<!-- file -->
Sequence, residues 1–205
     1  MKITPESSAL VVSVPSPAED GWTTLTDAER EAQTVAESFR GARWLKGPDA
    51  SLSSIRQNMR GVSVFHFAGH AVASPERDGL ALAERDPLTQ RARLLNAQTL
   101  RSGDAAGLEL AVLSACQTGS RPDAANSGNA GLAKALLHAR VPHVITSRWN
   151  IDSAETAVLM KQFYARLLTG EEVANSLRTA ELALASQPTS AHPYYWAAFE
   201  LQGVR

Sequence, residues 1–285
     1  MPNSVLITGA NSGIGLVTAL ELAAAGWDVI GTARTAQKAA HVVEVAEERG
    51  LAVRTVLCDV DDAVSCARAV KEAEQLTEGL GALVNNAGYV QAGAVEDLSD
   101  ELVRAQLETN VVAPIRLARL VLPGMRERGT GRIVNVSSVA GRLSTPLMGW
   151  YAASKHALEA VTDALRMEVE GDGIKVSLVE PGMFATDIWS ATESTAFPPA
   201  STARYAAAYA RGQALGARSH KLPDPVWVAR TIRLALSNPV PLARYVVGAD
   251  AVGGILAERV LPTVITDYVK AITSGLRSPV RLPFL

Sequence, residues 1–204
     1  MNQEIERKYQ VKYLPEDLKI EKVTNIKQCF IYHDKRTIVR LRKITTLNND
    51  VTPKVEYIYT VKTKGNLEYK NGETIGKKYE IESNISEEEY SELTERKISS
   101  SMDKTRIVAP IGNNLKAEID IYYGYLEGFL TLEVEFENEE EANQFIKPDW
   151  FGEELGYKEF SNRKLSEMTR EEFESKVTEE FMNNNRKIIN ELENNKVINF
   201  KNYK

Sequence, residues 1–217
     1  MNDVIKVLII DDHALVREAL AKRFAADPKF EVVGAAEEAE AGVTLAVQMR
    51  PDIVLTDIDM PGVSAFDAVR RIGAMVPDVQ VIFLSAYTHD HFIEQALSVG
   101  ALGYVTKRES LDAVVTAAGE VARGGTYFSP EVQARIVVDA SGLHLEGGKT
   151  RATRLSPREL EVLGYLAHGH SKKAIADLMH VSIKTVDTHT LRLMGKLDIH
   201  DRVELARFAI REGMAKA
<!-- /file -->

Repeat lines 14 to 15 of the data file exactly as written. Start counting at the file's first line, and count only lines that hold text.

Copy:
Sequence, residues 1–204
     1  MNQEIERKYQ VKYLPEDLKI EKVTNIKQCF IYHDKRTIVR LRKITTLNND